Arsenal AAA is developing a hemostatic foam and delivery system designed to reduce the chance of endoleaks after the placement of a stent graft to treat an abdominal aortic aneurysm. Arsenal president & CEO Maria Palasis told MassDevice.com that the product is designed “to controllably fill cavities in the presence of blood flow.”
Financial terms of the investment were not disclosed, but Medtronic said the deal includes an option to acquire Arsenal “after the company achieves certain milestones.”
Earlier this month, Arsenal and sister company 480 Biomedical raised a collective $26 million from a syndicate of backers that included “a long-term strategic investor,” which Palasis yesterday confirmed as Medtronic.
480 Biomedical, which spun off from Arsenal in 2011, is developing a bioresorbable stent for treating occlusive disease in the superficial femoral artery.
Medtronic’s aortic division general manager, Daveen Chopra, said his company’s investment in Arsenal AAA is part of its plan to invest in core abdominal aortic aneurysm markets “and complements our organic investments in next-generation stent graft programs.”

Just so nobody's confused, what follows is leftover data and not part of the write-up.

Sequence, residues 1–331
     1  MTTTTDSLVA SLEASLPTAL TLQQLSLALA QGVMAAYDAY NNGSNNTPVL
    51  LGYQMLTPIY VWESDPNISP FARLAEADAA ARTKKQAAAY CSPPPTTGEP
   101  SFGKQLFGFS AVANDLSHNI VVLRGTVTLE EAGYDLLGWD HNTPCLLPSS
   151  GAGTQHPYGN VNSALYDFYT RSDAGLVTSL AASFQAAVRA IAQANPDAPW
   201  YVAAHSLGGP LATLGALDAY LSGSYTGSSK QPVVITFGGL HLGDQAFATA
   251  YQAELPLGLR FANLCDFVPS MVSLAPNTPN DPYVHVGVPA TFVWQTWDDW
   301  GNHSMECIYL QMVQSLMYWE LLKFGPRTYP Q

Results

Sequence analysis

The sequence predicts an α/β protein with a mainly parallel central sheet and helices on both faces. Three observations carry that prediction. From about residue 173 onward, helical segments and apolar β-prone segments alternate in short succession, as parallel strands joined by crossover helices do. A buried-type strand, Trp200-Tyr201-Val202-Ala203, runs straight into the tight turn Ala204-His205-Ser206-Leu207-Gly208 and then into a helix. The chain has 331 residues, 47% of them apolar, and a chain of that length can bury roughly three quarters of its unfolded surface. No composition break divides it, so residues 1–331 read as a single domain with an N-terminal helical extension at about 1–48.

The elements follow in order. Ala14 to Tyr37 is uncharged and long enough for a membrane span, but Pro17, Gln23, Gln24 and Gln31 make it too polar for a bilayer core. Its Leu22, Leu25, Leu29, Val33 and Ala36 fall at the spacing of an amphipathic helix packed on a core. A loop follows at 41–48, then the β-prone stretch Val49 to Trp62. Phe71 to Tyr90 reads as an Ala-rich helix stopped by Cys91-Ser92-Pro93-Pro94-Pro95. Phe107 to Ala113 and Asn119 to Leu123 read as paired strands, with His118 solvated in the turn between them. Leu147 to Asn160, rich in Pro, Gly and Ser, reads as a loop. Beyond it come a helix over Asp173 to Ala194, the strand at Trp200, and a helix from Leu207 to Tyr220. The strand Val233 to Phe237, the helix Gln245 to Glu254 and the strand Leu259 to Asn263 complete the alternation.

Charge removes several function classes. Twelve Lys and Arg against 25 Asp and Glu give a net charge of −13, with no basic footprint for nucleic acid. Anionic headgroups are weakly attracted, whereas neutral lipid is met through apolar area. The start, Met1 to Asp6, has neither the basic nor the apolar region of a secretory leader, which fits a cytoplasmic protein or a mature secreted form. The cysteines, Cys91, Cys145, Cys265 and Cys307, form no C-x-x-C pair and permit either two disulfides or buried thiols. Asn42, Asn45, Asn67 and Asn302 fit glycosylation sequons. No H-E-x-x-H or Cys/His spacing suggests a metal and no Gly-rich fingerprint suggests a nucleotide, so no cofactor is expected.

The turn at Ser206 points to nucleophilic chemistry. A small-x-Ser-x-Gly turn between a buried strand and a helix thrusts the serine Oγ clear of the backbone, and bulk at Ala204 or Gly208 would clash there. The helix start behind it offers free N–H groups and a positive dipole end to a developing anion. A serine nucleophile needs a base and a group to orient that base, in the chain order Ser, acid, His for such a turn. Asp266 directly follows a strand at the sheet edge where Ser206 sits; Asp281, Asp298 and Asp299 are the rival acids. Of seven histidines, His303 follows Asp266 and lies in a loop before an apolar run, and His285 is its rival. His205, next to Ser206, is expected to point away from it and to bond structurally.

“The investment will allow Arsenal AAA to utilize its expertise in foam technologies to address persistent endoleaks that can occur after endovascular aneurysm repair (EVAR) procedures,” Chopra said in prepared remarks.
“Medtronic’s strategic investment in Arsenal AAA validates our breakthrough in situ forming foam platform,” added Palasis, who joined the company in 2008 and was named CEO in January. “Medtronic’s leading market position and expertise in this field will help accelerate the introduction of this novel technology to the broader AAA community and we are looking forward to working with such a dynamic company.”
Palasis told us that Medtronic’s investment in Arsenal AAA is an example of strategics stepping in to the gap left as venture capital’s interest in medtech has waned in recent years.
“There is a void and this deal is proof that strategics are stepping in to help fill it,” Palasis wrote via email. “Consolidation has not helped – there are fewer options for those of us seeking funding.”
Citing the $30 million acquisition of Covidien‘s Stellarex drug-eluting balloon by Spectranetics (NSDQ:SPNC), Palasis said strategic investment needn’t be limited to large-cap players. Covidien agreed to that deal last November to mollify anti-trust regulators about its $50 billion merger with Medtronic (NYSE:MDT).
“It will be interesting to see what role the mid-cap/ smaller medical device companies play in all of this,” she told us. “Spectranetics’ purchase of Stellarex is perhaps just a start. There are some exciting young medical device companies out there that could begin to play a role here; they have a pipeline they will need to fill.”